With all the angst-ridden teen vampires invited into our homes, zombies were perhaps deserving of equal time among the panoply of misunderstood monsters. Yet CW’s adaptation of the Vertigo comic “iZombie” pretty quickly starts to stumble from promising toward stale, basically turning its undead heroine into a youthful crime-solver — “Veronica Mars” with an inordinately pale complexion. Although the producer of that earlier series, Rob Thomas, is also at the tiller here, the more direct comparison might be “Tru Calling.” If so, then despite CW’s thus far blessed season, and a baked-in appetite among fans, “iZombie” would be just another dead show walking.
Lest anyone (OK, almost everyone) forget, “Tru Calling” was the short-lived Fox vehicle for Eliza Dushku, who played a young woman working in a morgue, using her odd gift — reliving the previous day — to save people. Here, in “You are who you eat” fashion, Liv (Rose McIver), like any good zombie, has an appetite for brains, but consuming them implants the memories, desires and even talents of the donor, which come spewing forth in blurry visions.
The series begins on such an amusing and energetic note that as more mundane aspects set in, it all feels downhill thereafter. At 25, Liv is a bit of a stick in the mud, an on-the-rise medical resident hanging out with her devoted fiance Major (Robert Buckley), who helps talk her into attending a party with a co-worker. “What’s the worst that could happen?” he says brightly.
A frenzied zombie attack later, and she’s dead, or something like it, forced to wear cover-up to maintain the illusion of flesh tone, and becoming a source of confusion to her family, having significantly downgraded her career ambitions to take a job in the morgue.
Of course, being around corpses is the perfect place to feed her unique dietary requirements, but it’s also where Liv meets Dr. Ravi Chakrabarti (Rahul Kohli), who becomes her confidant, as well as the one hope for discovering some way out of her predicament. As for those seeing-through-the-eyes-of-dead-people chops, that comes in handy for a young detective (Malcolm Goodwin), who doesn’t know Liv’s secret, but is happy to get the help that comes with it.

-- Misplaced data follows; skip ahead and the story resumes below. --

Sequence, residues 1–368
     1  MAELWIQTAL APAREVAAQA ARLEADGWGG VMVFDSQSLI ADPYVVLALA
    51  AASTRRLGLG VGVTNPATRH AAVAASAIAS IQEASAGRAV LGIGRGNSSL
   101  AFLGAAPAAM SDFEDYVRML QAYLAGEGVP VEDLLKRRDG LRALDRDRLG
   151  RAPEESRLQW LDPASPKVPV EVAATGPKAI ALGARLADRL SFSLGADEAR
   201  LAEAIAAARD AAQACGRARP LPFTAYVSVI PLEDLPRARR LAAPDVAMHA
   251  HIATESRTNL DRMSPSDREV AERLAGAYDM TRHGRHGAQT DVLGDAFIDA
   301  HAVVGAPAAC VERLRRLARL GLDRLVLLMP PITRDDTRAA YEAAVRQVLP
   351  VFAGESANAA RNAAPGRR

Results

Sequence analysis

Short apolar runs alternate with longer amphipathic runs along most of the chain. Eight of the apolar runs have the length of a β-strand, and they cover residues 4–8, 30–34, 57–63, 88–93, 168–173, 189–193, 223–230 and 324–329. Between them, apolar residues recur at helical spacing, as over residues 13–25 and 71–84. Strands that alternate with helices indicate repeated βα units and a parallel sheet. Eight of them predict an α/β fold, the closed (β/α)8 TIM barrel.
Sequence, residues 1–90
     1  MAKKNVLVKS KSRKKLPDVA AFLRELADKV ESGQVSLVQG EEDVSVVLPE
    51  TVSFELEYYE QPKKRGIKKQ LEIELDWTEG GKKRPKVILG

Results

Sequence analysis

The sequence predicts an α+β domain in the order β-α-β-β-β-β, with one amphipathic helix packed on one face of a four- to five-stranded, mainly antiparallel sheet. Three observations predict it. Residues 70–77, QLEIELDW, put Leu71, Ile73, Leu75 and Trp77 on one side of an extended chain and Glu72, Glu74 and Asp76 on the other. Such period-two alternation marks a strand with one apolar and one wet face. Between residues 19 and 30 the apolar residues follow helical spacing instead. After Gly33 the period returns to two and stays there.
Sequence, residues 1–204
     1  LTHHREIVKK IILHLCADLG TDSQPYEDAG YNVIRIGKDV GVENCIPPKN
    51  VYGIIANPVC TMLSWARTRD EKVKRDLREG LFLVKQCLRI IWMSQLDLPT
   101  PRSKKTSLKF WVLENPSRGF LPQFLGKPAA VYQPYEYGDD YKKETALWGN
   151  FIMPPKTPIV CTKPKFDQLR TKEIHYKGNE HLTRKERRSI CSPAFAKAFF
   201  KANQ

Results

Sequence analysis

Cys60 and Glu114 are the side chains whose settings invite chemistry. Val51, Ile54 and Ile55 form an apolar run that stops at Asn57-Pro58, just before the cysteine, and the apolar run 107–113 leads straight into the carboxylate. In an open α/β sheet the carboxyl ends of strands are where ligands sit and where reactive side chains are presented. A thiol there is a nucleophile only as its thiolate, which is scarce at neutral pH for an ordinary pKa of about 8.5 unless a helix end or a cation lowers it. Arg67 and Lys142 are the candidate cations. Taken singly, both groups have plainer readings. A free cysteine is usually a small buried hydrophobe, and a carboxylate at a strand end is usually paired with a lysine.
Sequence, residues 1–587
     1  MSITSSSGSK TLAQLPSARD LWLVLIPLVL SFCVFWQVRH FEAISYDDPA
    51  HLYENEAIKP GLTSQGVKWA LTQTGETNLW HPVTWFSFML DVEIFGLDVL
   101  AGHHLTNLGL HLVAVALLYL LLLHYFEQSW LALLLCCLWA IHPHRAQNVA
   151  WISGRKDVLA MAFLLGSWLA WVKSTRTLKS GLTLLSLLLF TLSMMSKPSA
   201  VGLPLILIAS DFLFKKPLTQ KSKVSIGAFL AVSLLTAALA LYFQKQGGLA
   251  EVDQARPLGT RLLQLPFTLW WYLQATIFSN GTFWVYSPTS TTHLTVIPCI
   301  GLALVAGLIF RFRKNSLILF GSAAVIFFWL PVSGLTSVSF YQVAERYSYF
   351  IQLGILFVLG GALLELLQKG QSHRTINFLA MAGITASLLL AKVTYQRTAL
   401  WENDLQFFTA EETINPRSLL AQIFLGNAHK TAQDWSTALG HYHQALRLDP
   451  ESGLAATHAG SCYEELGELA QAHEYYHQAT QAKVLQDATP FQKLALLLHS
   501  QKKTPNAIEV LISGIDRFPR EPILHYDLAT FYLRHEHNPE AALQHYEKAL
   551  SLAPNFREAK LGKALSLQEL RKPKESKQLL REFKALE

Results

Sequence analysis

Thomas and Diane Ruggiero-Wright (who co-wrote the Thomas-directed premiere) do a more than adequate job of setting up the show’s complicated rules without losing sight of the characters — the fact that Liv gets stupid when she doesn’t eat (hence the mindless zombies we’ve come to know); watches “Night of the Living Dead” for pointers; and occasionally lapses into fierce zombie mode, which is convenient in a pinch.
There’s also a darker serialized thread involving the zombie (David Anders, fresh off “The Vampire Diaries” and “Once Upon a Time”) who turned Liv, although that plot proceeds slowly enough that after four episodes, while it may be mildly interesting, it’s hardly reason enough on its own to stick around.
CW already has enjoyed an inordinately strong year thanks to “The Flash” (which will be this new hour’s lead-in) and “Jane the Virgin,” but with its constant narration and not-very-suspenseful murder of the week, “iZombie” feels like just another way to do a youth-oriented copshow, even if it’s garnished with flourishes like comicbook captions.
So while the concept and source material should spark some curiosity, let’s just say Liv isn’t the only one likely to be left feeling hungry for more brains.